Tuesday, November 13, 2007

The Exile and the Poem

The previous post reminded me a the book I was reading this weekend, Burnt Sugar: A Collection of Contemporary Cuban Poetry, edited by Lori Marie Carlson and Oscar Hijuelos. I post two snippets from the assorted poems, which like poetry itself are about all sorts of things, not just politics. By the way, it is contemporary poetry, but worth a read.

from “For the Cuban Dead” by Ricardo Pau-Llosa

There is no enough in exile. Not enough anger,
and the blanket of safety always leaves the feet bare.
And it is here, no matter how clean and golden,
that one learns how different the wrist and fly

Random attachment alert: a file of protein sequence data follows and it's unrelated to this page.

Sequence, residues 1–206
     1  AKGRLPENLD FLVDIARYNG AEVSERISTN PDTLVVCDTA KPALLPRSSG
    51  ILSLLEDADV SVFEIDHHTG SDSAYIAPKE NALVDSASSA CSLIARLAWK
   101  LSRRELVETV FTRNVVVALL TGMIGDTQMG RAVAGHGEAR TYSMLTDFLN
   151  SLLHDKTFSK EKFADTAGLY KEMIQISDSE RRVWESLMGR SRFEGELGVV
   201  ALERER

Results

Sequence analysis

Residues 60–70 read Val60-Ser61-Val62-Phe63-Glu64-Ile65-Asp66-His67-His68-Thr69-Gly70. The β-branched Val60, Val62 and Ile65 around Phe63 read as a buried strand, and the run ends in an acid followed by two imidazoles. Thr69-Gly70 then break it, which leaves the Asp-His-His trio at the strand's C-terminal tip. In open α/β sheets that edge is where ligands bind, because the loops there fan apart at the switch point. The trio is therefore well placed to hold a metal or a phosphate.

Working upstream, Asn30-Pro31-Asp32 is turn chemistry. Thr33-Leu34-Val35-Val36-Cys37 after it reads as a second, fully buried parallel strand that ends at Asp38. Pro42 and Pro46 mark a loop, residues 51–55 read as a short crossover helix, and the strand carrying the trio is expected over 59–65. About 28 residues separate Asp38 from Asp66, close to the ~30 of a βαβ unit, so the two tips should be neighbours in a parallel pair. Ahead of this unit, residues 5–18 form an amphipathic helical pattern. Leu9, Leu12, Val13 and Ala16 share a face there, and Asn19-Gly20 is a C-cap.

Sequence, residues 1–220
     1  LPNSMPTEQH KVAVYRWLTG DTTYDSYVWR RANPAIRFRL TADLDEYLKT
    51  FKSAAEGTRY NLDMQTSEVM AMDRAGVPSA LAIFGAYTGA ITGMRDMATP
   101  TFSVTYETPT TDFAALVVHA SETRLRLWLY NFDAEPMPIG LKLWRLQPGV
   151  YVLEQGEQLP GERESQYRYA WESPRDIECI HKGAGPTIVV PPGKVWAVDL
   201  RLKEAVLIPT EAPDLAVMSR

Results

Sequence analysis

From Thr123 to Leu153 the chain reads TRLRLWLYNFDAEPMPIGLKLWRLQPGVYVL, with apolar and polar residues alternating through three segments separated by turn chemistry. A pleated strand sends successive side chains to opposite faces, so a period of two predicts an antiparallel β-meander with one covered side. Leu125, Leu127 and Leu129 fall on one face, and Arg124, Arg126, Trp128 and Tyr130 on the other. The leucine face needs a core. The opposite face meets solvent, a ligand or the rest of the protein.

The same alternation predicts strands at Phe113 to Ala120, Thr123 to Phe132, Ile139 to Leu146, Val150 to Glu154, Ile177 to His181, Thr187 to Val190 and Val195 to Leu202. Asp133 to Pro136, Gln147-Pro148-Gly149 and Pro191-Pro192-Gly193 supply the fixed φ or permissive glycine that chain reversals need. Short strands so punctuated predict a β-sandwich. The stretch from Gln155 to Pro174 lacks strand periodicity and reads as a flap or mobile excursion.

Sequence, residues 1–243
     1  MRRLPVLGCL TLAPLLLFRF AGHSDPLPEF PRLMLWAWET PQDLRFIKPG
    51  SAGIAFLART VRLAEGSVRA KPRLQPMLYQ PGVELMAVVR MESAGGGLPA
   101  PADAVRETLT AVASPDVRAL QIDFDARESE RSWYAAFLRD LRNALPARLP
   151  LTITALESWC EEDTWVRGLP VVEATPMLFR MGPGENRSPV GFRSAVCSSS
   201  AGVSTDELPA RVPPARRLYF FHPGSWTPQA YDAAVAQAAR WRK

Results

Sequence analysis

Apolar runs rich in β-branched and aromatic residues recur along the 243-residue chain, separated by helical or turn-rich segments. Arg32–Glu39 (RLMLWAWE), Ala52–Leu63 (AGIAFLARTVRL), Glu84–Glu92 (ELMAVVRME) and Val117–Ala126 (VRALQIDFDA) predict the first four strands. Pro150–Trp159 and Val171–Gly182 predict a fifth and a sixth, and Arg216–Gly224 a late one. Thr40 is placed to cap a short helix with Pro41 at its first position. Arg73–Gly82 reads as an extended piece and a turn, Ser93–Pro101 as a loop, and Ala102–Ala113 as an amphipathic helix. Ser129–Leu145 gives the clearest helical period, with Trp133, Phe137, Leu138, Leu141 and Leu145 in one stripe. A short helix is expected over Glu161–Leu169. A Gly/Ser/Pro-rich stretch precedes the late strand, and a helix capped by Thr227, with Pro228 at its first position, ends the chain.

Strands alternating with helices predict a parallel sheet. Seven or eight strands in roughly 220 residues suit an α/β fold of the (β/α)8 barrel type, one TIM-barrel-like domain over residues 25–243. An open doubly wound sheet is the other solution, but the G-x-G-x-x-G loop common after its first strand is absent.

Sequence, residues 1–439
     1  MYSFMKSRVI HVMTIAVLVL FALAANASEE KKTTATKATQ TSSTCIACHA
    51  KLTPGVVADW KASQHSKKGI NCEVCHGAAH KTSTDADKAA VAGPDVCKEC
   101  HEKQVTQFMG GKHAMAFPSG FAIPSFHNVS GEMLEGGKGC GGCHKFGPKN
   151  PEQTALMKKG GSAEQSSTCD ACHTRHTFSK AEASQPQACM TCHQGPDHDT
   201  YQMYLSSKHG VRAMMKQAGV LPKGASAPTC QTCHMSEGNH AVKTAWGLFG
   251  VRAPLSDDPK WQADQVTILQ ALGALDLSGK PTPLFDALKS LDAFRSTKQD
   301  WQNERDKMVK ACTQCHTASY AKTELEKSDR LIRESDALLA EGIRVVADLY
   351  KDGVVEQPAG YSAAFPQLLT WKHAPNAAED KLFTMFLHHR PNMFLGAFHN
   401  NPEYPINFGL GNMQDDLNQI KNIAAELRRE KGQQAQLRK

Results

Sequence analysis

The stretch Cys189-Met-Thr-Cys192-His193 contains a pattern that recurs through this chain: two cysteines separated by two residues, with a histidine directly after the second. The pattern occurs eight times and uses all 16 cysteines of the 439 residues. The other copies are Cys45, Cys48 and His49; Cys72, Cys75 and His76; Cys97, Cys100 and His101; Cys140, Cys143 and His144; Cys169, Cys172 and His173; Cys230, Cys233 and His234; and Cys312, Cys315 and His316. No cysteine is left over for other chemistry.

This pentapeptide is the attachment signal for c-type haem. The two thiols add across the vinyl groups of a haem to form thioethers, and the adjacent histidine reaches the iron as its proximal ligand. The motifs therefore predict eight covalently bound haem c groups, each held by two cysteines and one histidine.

and the shot of a wave, how it never stops
calling although the law of distance deafens.
Memory is the heart’s gravity.
The accent of their children
becomes unbearably alien, a dampness
from the sidewalk creeping past the thin sole
and into the ignored sock. Now nothing
escapes notice and the balance is always against.

from “Destinies” by Jesús J Barquet

2. (Exile)
is finally understanding
that the day we have awaited so long
will be nothing more than the news
between two commercials
for Pepsi and Tylenol

tr. Lori Carlson

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